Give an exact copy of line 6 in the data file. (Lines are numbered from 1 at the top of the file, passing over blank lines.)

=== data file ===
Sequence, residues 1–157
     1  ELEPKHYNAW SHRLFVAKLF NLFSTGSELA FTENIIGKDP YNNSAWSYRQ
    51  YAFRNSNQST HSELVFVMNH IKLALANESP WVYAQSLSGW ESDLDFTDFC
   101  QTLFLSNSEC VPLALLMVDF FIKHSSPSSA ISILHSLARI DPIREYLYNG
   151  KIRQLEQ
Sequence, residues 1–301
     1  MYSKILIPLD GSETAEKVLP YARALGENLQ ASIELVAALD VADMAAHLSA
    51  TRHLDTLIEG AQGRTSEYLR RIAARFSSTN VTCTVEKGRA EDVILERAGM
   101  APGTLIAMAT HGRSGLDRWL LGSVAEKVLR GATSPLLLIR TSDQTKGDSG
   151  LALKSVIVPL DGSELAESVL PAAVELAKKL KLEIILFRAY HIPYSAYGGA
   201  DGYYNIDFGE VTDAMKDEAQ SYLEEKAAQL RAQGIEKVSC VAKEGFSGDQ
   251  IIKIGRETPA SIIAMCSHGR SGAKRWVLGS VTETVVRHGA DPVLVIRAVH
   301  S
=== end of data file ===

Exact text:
Sequence, residues 1–301